The reasons you cite from Dowd’s column, by the way, while certainly prevalent among southern racists, are not exclusive to southern racists, by any means. They are not conclusive proof of racism by Wilson, although they are probably sufficient cause to want to look for real evidence. Do you have any? And in any case, these reasons were not mentioned in Geoff’s comment, which is what I was replying to.

    And that Obama’s statement is a “lie” is simply not nuts, your contention to the contrary notwithstanding. Acts of Congress do indeed regularly prohibit or require all sorts of things without specific enforcement mechanisms. And without enforcement, these provisions often mean little to nothing. Again, Wilson was in the wrong when he shouted “You lie” during Obama’s speech, but not because his claim was untrue. And it is only unprecedented if you insist on dismissing all possible precedents, because, for example, shouting “Boooo, boooo!” just can’t possibly be compared in any way to shouting “You lie”.

  64. Douglas McClean said,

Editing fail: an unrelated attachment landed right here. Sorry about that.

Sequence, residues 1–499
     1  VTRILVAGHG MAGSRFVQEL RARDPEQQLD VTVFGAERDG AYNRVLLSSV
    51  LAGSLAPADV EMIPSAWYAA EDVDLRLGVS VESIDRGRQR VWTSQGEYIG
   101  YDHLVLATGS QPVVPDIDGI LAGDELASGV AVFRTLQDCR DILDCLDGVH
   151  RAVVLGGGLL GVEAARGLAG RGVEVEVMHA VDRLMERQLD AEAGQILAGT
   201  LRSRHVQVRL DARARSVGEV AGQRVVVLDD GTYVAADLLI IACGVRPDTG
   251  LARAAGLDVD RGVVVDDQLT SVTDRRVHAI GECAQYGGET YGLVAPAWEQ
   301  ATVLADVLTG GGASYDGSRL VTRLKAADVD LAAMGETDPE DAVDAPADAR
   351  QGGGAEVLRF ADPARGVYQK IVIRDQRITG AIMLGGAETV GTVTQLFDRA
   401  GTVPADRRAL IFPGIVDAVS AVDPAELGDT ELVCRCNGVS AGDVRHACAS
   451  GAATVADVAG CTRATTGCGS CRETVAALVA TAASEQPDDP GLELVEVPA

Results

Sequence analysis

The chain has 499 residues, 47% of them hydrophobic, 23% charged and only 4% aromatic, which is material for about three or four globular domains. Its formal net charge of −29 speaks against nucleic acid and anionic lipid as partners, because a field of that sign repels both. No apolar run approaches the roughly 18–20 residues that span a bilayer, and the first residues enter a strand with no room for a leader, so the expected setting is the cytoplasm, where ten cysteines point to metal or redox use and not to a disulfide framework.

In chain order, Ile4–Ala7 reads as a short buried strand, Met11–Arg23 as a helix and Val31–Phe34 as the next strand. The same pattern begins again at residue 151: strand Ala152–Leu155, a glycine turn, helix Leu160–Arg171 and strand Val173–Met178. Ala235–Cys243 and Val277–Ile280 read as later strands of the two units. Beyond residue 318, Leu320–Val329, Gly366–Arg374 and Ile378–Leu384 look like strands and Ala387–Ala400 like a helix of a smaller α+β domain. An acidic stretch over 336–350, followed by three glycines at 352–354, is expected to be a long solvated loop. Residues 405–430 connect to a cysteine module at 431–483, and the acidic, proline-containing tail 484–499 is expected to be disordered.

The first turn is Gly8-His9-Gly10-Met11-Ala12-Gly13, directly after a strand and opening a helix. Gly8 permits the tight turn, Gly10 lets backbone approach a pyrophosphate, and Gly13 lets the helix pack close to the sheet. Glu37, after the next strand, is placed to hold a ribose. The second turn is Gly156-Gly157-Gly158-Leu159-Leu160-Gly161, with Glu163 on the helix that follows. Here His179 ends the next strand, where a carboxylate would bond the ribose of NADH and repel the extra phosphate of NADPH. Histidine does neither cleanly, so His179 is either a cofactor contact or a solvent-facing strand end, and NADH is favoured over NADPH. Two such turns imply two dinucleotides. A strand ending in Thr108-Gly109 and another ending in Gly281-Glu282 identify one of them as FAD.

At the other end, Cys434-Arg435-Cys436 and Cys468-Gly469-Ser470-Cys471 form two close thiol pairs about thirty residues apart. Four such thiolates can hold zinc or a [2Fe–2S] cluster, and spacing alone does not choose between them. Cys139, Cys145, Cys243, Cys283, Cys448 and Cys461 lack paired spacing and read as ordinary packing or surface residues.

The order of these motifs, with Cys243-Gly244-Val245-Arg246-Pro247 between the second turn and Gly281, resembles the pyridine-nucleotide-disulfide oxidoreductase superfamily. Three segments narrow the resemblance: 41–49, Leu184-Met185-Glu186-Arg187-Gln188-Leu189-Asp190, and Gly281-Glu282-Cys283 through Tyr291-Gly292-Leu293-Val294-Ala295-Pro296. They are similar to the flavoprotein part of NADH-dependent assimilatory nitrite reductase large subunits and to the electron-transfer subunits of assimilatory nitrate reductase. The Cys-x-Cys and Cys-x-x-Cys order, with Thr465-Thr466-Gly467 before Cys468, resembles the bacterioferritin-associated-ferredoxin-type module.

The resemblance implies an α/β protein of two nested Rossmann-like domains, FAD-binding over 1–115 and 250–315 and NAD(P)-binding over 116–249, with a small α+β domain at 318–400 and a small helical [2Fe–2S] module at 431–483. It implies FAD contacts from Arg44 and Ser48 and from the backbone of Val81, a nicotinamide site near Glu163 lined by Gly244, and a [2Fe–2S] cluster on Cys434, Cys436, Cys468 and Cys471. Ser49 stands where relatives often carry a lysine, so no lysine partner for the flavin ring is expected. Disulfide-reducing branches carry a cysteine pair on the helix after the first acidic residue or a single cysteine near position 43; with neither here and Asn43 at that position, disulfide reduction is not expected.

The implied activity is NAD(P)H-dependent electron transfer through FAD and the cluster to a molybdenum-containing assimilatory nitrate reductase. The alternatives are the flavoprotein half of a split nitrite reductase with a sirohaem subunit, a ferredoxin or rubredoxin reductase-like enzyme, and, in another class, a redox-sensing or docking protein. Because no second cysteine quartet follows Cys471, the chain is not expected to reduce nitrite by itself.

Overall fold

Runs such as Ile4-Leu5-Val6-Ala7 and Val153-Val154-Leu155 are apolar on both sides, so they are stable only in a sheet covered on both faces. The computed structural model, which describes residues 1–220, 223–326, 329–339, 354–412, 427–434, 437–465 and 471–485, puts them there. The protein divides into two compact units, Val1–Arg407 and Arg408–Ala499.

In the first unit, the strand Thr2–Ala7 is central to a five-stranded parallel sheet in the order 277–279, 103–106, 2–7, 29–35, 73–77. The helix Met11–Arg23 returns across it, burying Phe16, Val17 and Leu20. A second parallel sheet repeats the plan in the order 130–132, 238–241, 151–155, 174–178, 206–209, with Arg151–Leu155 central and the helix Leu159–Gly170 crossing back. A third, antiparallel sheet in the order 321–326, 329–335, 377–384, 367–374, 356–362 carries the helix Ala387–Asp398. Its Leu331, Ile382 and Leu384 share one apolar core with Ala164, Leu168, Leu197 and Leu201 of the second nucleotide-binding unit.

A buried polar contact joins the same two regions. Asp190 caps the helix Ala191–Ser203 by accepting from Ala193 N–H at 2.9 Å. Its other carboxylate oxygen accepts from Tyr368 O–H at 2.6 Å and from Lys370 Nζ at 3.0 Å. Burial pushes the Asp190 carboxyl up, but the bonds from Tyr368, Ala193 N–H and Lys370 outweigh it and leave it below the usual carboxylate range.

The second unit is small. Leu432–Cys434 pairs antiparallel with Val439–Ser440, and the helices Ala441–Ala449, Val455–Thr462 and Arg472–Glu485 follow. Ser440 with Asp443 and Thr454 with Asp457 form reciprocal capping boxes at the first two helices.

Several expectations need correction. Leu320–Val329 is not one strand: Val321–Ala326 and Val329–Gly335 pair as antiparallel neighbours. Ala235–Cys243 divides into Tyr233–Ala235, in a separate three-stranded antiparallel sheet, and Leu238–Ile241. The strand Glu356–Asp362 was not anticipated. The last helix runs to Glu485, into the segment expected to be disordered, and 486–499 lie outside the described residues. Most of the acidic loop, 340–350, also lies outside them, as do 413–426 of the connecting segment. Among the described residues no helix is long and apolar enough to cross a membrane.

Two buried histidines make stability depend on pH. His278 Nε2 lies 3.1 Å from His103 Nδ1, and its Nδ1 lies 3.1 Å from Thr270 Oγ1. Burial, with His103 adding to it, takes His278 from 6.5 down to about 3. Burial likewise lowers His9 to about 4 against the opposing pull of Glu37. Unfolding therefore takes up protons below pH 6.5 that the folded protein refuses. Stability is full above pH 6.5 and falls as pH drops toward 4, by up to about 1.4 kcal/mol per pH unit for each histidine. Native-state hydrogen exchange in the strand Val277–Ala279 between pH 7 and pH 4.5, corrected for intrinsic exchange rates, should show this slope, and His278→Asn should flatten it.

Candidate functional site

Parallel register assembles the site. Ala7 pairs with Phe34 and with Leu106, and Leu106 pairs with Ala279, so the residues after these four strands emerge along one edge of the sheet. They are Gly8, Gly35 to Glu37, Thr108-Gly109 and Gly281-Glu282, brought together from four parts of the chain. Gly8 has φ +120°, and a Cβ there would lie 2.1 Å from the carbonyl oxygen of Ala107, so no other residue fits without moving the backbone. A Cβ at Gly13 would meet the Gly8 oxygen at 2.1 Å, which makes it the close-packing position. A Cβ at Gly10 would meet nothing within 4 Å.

September 17, 2009 @ 5:29 pm

    Collectively booing during a speech is indistinguishable from individually shouting you lie when the President has the floor? If so, then why has the former happened many times, as you point out, and the latter only once? Is it perhaps because the written and unwritten rules make a distinction?

    Geoff was discussing Dowd’s column, which clearly gives several reasons beyond southern-ness and conservatism for believing Wilson to be a racist. You responded to it by ignoring that and accusing unnamed parties, above clarified to be Geoff only, of thinking “Of course. He was a southerner, and what’s more, right-wing, so of course he’s a racist. What other possible interpretation could there be?”